There were leaders of the revolution who did not teach peace, concord and mutual confidence, without which there cannot be liberty, equality and fraternity, but sowed seeds of dissension and advocated bloodshed as a remedy for social ills. Here was the mistake which rendered a republic impossible in their time, for the bloody military spirit naturally and usually leads to a military despotism. Napoleon was the incarnation of the bloody ideals of those who condemned their

countrymen to the guillotine. His hypocritical professions of devotion to popular rights and hatred of kings and tyrants caught the fancy of the multitude and blinded them to his real qualities and purposes. The ideals of the great leaders of the assembly and convention, though generations in advance of the people, were not wholly lost however. Some immediate advantages resulted. The first and most important perhaps of the material gains came from the breaking up of the great estates of the nobility and a vast increase in the number of independent peasant proprietors. The extension of the educational system so as to greatly increase the number of children taught was perhaps of equal or even greater permanent value, and the propagation of fundamental principles of justice and human rights, though for the time productive of many ills, exercised a profound influence for future good not only in France but throughout Europe. Eighty years later these principles had become so generally understood and recognized that a republic was established and has since been successfully maintained.

France is to be congratulated, not only on the great progress made within the last century, but also on the possession of the high ideals of the revolution, which still stimulate to continued improvement.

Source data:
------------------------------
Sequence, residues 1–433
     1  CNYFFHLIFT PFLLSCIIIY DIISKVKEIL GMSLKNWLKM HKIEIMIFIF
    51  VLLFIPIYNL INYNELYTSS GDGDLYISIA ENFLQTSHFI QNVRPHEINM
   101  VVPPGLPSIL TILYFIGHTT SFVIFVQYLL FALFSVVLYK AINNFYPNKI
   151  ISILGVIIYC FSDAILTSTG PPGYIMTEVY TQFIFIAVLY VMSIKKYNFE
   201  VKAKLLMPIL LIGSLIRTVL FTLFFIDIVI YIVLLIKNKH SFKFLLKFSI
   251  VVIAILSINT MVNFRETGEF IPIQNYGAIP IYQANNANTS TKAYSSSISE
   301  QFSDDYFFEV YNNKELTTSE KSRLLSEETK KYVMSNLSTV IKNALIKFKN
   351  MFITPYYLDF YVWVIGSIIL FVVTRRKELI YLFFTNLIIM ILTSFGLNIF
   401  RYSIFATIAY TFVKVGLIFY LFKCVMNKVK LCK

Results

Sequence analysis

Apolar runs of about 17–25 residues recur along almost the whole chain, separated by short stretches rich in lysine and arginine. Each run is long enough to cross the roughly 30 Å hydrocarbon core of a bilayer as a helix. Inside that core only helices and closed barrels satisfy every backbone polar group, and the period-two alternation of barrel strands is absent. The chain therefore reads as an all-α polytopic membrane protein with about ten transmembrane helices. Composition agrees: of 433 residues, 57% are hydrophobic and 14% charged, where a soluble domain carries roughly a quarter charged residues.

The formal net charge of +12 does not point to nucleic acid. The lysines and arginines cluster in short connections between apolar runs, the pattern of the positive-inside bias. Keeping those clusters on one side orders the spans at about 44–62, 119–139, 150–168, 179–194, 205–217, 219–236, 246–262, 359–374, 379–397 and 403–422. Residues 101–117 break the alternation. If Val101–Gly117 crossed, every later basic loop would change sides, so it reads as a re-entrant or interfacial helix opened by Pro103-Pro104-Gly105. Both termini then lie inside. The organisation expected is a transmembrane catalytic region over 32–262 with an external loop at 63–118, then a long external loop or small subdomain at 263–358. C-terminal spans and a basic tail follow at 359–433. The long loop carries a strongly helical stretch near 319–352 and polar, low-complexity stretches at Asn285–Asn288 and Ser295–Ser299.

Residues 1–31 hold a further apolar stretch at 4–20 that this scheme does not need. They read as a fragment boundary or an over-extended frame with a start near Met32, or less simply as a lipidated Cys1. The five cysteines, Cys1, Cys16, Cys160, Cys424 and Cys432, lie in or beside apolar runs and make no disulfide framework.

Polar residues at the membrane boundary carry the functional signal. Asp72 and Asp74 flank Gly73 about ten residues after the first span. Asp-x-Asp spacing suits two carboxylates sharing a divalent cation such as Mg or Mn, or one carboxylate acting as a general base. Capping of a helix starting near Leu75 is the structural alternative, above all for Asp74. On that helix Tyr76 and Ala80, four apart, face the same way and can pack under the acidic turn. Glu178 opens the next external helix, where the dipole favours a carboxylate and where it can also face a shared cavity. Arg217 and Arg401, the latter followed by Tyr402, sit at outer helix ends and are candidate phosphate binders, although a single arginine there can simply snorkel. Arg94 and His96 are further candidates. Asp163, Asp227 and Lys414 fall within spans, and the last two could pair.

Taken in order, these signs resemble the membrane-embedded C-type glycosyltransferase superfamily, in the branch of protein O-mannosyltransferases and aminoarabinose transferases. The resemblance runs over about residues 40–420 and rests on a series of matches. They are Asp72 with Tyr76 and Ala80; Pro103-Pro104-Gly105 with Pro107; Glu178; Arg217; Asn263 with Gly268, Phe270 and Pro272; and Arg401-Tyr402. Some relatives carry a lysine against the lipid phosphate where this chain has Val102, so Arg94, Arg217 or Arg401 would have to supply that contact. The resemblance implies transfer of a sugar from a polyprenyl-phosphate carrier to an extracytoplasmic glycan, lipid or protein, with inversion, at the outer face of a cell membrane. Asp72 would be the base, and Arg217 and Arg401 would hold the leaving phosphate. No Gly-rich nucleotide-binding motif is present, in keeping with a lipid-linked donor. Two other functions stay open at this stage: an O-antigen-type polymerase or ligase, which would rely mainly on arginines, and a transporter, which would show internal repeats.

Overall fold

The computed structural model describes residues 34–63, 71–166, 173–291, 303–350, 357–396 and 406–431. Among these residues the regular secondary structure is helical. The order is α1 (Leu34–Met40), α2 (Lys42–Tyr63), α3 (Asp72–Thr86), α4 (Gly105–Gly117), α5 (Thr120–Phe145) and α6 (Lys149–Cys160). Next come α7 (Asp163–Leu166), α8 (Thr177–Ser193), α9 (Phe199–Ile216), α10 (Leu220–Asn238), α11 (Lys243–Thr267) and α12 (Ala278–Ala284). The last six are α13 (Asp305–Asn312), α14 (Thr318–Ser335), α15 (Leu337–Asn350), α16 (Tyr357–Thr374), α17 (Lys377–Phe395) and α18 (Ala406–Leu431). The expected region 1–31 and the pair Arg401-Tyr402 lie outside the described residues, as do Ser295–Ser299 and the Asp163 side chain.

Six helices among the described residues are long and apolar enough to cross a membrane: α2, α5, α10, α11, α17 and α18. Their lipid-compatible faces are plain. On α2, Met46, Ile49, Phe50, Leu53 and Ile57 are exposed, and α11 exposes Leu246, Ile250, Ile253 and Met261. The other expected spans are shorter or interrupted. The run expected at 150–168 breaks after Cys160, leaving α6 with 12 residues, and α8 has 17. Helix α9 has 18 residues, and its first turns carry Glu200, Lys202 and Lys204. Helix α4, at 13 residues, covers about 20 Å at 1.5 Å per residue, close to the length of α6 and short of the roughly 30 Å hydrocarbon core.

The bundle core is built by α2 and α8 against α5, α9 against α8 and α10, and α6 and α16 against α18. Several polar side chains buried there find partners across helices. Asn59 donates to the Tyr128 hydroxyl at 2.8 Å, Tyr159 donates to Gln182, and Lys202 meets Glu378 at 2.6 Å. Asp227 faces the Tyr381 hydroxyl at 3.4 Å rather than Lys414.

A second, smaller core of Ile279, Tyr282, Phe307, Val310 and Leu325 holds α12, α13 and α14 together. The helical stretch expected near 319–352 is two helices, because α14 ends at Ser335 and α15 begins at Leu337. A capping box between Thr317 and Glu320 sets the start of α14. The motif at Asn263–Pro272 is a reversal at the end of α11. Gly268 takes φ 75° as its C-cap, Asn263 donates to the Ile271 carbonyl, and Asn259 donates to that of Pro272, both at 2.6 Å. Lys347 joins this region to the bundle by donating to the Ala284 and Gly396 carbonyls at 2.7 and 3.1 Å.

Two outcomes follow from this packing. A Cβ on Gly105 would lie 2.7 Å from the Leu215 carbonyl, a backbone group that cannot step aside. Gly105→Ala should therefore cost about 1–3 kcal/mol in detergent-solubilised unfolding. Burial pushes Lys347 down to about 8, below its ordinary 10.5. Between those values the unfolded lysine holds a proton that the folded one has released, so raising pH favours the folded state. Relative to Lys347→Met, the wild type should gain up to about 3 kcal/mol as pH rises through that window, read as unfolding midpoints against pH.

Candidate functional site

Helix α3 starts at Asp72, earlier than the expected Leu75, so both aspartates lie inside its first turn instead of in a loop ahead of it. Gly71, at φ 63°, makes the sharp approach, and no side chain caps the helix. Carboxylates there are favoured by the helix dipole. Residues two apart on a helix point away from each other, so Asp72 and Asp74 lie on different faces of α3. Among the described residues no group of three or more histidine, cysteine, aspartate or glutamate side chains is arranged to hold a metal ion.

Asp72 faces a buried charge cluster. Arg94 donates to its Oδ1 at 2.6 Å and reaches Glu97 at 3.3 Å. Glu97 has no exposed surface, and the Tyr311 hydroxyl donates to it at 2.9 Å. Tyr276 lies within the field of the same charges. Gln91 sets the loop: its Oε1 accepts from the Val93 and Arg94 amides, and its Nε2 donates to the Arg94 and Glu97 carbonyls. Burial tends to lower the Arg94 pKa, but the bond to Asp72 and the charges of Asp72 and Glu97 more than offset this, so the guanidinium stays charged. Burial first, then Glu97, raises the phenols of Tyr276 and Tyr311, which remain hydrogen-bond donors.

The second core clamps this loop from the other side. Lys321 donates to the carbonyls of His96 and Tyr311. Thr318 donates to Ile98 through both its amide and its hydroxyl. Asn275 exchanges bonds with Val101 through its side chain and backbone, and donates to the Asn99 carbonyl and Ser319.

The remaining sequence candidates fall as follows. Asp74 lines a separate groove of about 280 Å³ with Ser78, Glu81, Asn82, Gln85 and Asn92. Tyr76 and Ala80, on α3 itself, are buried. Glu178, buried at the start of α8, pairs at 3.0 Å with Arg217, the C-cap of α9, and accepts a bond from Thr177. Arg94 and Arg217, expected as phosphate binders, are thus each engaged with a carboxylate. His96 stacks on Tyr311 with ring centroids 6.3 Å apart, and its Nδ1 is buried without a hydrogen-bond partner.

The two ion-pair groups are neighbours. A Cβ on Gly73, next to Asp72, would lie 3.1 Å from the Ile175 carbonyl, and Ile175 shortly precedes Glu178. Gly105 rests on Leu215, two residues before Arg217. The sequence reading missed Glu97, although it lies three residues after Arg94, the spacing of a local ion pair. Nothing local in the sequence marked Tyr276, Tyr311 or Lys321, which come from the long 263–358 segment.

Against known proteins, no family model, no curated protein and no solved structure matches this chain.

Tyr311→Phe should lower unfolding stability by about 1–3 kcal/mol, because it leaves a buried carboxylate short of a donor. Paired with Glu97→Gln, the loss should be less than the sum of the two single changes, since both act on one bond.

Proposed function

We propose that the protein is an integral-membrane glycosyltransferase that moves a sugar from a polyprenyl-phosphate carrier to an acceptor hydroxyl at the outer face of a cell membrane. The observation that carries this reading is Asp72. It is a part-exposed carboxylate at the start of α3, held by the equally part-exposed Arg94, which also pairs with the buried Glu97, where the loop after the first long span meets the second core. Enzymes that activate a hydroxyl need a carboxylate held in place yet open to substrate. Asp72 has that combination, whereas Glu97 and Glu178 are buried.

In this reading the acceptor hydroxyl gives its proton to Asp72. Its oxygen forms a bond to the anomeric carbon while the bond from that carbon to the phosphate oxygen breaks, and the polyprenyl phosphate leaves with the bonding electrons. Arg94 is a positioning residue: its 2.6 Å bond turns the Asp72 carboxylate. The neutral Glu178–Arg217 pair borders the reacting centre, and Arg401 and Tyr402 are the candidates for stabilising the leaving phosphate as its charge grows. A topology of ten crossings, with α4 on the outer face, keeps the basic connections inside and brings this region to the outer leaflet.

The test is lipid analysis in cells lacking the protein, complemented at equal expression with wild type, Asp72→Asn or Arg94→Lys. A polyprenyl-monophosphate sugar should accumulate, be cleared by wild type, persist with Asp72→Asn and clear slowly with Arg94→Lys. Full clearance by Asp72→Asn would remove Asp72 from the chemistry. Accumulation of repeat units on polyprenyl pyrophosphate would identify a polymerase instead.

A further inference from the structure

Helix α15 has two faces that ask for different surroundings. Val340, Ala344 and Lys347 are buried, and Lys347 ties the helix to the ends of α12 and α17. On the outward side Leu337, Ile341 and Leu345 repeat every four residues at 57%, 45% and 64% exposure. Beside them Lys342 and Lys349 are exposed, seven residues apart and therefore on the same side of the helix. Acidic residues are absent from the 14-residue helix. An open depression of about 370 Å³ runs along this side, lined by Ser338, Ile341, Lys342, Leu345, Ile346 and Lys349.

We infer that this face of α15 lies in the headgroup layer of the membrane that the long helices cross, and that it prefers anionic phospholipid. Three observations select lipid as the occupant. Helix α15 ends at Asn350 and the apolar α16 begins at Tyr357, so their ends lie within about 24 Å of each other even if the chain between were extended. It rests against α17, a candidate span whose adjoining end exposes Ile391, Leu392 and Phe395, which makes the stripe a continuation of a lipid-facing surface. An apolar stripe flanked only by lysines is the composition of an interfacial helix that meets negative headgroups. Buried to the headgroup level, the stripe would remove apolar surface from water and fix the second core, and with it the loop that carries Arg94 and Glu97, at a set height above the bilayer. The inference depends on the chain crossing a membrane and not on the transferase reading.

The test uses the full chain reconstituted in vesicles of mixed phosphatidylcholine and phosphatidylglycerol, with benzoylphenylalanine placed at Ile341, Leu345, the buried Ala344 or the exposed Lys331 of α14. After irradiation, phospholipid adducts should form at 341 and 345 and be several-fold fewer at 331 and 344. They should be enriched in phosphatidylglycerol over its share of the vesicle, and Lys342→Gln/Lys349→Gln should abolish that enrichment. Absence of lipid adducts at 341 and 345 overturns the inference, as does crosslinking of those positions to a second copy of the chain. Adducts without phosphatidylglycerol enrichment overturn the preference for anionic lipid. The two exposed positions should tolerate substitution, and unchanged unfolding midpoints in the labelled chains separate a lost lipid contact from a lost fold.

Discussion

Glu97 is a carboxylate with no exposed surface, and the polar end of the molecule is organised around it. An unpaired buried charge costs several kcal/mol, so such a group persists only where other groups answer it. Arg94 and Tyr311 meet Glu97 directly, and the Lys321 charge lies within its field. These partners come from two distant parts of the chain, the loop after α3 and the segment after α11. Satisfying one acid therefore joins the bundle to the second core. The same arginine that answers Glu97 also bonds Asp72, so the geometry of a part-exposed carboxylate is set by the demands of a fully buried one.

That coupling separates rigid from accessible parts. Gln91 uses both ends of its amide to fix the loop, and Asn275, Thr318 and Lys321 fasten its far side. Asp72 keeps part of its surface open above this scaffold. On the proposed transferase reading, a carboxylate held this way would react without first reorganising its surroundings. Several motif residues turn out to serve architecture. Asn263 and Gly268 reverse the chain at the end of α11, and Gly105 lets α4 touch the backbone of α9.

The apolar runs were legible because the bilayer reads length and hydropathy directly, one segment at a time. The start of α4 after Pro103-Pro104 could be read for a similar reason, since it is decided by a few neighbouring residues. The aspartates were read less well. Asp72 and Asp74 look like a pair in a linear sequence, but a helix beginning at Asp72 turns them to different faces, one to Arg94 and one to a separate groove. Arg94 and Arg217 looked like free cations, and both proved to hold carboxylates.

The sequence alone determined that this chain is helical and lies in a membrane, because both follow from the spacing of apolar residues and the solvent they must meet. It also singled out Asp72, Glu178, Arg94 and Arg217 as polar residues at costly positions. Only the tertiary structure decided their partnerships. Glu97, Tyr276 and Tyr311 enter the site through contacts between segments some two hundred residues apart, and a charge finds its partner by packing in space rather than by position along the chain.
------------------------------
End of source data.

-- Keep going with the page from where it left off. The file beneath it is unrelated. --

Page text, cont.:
Authorities
Martin: History of France.
Guizot: History of France.
Taine: French Revolution.
Taine: The Ancient Régime.
Thiers: Consulate and Empire of Napoleon.
Brissaud: History of Private French Law.

CHAPTER XXIV

THE BRITISH EMPIRE

The earliest inhabitants of the British Isles of whom we have any accounts are styled Britons and are not classed as Aryans. The first settlers of the latter stock are said to have been Celts. Caesar says that in his time the inhabitants of the interior were accounted descendants of the natives of the island, while the maritime portions of the island were peopled by invaders from Belgium, who had settled down and commenced to cultivate the soil. He says the country was very populous and the buildings similar to those of Gaul, that they had many cattle, that they used brass or iron bars for money, that the inhabitants of Kent (Cantium), did not differ much in customs from the Gauls, that many of the inhabitants of the interior did not sow grain but lived on milk and meat and wore skins for clothing, that they painted themselves dark blue, wore their hair long, and shaved all but the upper lip, that ten or twelve brothers or even father and sons had wives in common. They used not only horses but also a kind of chariot in battle and were brave and strong. It is impossible to tell what race of men first inhabited the island. In the earliest accounts we read of Britons, Picts and Scots as antedating the advent of the Romans. Sometimes all are classed as Celts, and again the Britons are spoken of as allied to the Basques of the Pyrenees. Ireland was peopled by Celts and, while authentic history of it in the time of Caesar is wanting, popular traditions, handed down apparently with more than ordinary trustworthiness, indicate that the people of Ireland were at that time better organized and more prosperous than those on the larger island. In religion the people of both islands were Druids, with rites corresponding with those of the Celts of France. The organization of society was essentially tribal, with the authority of chiefs enlarged or contracted according to individual capacity and the exigencies of their wars. The Druid priests exercised much influence and authority, of which, however, we have no very accurate account.